A van driver who had previously denied his careless driving caused the death of an off-duty police officer in a south Cumbria road crash tragedy has changed his plea to guilty.

Oliver Evans, a 27-year-old Cumbria police constable, died following a two-vehicle collision which occurred on the afternoon of September 16, 2019, on the A683 at Middleton.

This involved his Triumph motorcycle and a Peugeot Bipper Royal Mail delivery van.

The driver of that van, 59-year-old Graham Ellison, appeared at Carlisle Crown Court this morning.

During a hearing in front of Judge Nicholas Barker, Ellison pleaded guilty to driving the vehicle without due care and attention, thereby causing the death of Mr Evans.

He had previously denied the charge and was due to stand trial in July.

The court heard a collision expert had concluded Mr Evans would, as he rode around a corner, have had 'only one-and-a-half to two seconds' to respond to a situation which 'entirely was the making' of van driver Ellison.

Mr Evans’ reaction, Judge Barker concluded, had been 'within the bounds of what was reasonable in the circumstances that were presented to him'.

The case was adjourned after the judge directed that a probation officer should speak to Ellison about the tragic events and his personal circumstances, in order to prepare a pre-sentence report.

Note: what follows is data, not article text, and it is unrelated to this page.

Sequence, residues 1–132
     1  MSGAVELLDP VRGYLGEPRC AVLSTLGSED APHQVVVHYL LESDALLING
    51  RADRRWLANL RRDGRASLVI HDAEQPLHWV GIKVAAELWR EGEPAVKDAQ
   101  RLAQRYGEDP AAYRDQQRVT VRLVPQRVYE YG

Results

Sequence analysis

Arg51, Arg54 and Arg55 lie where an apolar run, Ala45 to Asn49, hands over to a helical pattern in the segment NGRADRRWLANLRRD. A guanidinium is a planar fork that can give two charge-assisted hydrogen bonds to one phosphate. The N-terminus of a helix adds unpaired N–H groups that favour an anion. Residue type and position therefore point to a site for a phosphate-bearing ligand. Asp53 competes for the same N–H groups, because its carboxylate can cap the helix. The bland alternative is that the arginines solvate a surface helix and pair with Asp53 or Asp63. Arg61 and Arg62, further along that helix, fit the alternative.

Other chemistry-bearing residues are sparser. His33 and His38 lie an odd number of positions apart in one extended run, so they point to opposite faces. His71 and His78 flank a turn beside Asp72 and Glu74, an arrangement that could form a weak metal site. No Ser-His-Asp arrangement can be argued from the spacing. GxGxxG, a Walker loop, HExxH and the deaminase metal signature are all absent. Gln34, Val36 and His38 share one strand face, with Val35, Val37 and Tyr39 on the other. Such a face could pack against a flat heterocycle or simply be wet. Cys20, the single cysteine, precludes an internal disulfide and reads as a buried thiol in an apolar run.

“The court will, of course, take into account your guilty plea, and will afford the appropriate credit (discount) for doing so, and that will be reflected in the sentence that is passed,” Judge Barker said.

Ellison, of Back Lane, Warton, near Carnforth, was granted unconditional bail and is due to be sentenced at the crown court on June 23, when the judge will also hear impact statements from Mr Evans’ relatives.

Speaking after the tragedy, his family spoke of being 'heartbroken' and described him as a 'caring, loving and loyal individual who was a true delight to be around'.

Latterly a police constable, Mr Evans had initially served as a special constable with Lancashire Constabulary before joining Cumbria police, becoming a mobile support group officer and joining the operational support unit in 2017.

He qualified as an advanced driver and undertook training to become an authorised firearms officer.

Cumbria’s Chief Constable, Michelle Skeer, had said: “Oli was a dedicated, professional officer who was well-liked by his colleagues.”